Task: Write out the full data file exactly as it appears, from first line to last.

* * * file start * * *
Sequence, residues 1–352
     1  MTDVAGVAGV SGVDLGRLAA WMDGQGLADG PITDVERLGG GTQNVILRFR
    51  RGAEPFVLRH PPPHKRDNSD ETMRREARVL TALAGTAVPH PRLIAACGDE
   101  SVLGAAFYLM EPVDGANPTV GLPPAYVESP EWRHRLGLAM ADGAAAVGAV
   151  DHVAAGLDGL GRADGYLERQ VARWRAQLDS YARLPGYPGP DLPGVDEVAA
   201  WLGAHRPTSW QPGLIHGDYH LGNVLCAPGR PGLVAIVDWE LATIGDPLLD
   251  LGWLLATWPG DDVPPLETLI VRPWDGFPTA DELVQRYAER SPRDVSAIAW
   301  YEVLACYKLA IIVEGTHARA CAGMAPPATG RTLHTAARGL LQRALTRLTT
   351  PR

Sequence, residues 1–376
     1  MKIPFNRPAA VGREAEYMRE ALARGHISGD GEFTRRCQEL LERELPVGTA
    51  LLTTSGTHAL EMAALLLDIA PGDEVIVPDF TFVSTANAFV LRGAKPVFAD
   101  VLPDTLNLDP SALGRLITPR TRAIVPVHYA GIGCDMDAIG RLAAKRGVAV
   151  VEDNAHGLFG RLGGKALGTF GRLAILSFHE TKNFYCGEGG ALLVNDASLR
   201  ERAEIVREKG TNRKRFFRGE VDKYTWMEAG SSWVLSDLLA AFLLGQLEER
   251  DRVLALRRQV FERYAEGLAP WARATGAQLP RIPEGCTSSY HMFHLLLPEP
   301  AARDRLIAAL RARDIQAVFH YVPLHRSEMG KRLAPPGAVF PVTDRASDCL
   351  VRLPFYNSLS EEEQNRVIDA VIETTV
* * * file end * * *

Sequence, residues 1–352
     1  MTDVAGVAGV SGVDLGRLAA WMDGQGLADG PITDVERLGG GTQNVILRFR
    51  RGAEPFVLRH PPPHKRDNSD ETMRREARVL TALAGTAVPH PRLIAACGDE
   101  SVLGAAFYLM EPVDGANPTV GLPPAYVESP EWRHRLGLAM ADGAAAVGAV
   151  DHVAAGLDGL GRADGYLERQ VARWRAQLDS YARLPGYPGP DLPGVDEVAA
   201  WLGAHRPTSW QPGLIHGDYH LGNVLCAPGR PGLVAIVDWE LATIGDPLLD
   251  LGWLLATWPG DDVPPLETLI VRPWDGFPTA DELVQRYAER SPRDVSAIAW
   301  YEVLACYKLA IIVEGTHARA CAGMAPPATG RTLHTAARGL LQRALTRLTT
   351  PR

Sequence, residues 1–376
     1  MKIPFNRPAA VGREAEYMRE ALARGHISGD GEFTRRCQEL LERELPVGTA
    51  LLTTSGTHAL EMAALLLDIA PGDEVIVPDF TFVSTANAFV LRGAKPVFAD
   101  VLPDTLNLDP SALGRLITPR TRAIVPVHYA GIGCDMDAIG RLAAKRGVAV
   151  VEDNAHGLFG RLGGKALGTF GRLAILSFHE TKNFYCGEGG ALLVNDASLR
   201  ERAEIVREKG TNRKRFFRGE VDKYTWMEAG SSWVLSDLLA AFLLGQLEER
   251  DRVLALRRQV FERYAEGLAP WARATGAQLP RIPEGCTSSY HMFHLLLPEP
   301  AARDRLIAAL RARDIQAVFH YVPLHRSEMG KRLAPPGAVF PVTDRASDCL
   351  VRLPFYNSLS EEEQNRVIDA VIETTV